Shall We, Pants? 

Street Talk

Shall We, Pants?Faith Healers Will Lay Hands on RichmondTrani's Office Gets Wheelchair-Friendly UpgradeTV Production Clones Jefferson's HomeGWAR Slave Pit Is on the BlockShall We, Pants?

Want to get some attention for your cause? Nothing does it like really big pants.

Richmond surgeon Dr. Neil Hutcher wants a state Senate health commission to endorse proposed legislation requiring insurance companies to pay for life-saving weight-reduction surgery for morbidly obese patients.

So Hutcher is making his point in a big way — with Pants Across America, a quilt of enormously large pants collected from formerly obese people around the nation whose lives have been saved by gastric bypass surgeries such as Hutcher performs.

Started in June in San Diego at a convention of the International Obesity Surgery Support Group, the pants quilt already has collected more than 100 pairs, all inscribed with the patient's name, date of surgery and how much weight they've lost.

Hutcher will add several pairs of pants from his own patients to the quilt before he brings it to the Senate office building for display on July 28. He hopes the campaign will help his cause and bring the kind of attention to obesity that has been focused on other illnesses such as AIDS and cancer, he says.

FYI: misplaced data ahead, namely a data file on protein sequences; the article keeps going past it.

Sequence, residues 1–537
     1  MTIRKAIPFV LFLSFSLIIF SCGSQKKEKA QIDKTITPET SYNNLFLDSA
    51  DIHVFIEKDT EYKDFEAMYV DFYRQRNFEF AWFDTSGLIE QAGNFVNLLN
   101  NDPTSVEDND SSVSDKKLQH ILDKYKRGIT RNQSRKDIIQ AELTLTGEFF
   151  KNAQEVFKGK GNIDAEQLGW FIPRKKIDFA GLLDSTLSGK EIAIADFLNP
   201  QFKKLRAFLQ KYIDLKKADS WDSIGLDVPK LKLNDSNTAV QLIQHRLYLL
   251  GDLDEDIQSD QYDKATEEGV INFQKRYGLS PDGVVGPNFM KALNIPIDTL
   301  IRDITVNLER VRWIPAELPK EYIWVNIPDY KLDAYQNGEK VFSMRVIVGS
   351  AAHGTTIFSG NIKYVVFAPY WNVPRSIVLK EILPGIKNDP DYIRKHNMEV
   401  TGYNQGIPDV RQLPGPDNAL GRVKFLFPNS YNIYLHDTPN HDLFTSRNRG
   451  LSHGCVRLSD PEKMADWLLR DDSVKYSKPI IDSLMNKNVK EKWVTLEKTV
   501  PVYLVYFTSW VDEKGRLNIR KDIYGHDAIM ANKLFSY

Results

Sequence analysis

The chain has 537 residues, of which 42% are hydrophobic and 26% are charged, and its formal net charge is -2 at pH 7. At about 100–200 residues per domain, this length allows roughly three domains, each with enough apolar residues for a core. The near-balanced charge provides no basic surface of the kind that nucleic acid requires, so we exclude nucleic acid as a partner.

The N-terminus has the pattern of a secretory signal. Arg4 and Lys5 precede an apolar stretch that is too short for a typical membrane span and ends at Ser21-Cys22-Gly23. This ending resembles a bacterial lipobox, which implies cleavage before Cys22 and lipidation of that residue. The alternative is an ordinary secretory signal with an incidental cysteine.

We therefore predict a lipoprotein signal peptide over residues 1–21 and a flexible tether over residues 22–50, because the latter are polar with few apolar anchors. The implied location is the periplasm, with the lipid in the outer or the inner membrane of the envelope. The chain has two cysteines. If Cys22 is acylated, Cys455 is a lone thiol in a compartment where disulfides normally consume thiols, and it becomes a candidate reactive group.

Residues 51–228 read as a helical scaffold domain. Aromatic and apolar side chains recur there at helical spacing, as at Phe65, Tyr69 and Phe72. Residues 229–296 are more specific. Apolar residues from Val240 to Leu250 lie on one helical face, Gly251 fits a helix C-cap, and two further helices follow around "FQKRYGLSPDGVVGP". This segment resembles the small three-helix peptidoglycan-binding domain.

"Obesity has either equaled or surpassed tobacco as the leading preventable cause of death in the United States," according to recent research, Hutcher says.

"I had two people die last year waiting for a decision from their insurance company," Hutcher says. "It's amazing the callousness of these people. ... I had an insurance director ... tell me about a patient, 'If he dies, he dies. It's his bad luck for having our insurance.'"

The surgeon, who practices at Bon Secours St. Mary's Hospital, says he expects stiff opposition from insurance-industry lobbyists, even though he says research shows the surgery pays for itself by eliminating other costly health-care claims of the myriad illnesses associated with morbid obesity such as heart disease, sleep apnea and diabetes.

"If it has anything to do with medical, moral and economic right, it will be passed," he says of the Senate bill introduced by state Sen. Benjamin Lambert in the 1999 General Assembly. "It will be a test of right against ... the might of the insurance industry's money."

— Richard Foster

Faith Healers Will Lay Hands on Richmond

Back in 1982, Robin Harfouche was like a lot of wannabe starlets hoofing it in Hollywood. She did TV commercials, waitressed between auditions and listened to her spirit guide, the ghost of Marilyn Monroe.

OK, so maybe she wasn't like all the rest.

Then known as Robin Harry, she was a dancer on a country-music spinoff of "Solid Gold" and had won a Clio Award for her choreography work in commercials. Then, while waitressing in a restaurant owned by Sonny Bono, a freak accident happened: A heavy storage door fell off its hinges and hit her in the head, sending her into a coma.

She spent six months in a wheelchair, her legs paralyzed, and doctors told her she would never be able to walk again, Harfouche says. At 28, with her career evaporated, she was on the brink of suicide when a friend from the rock band The Knack suggested she go to his church.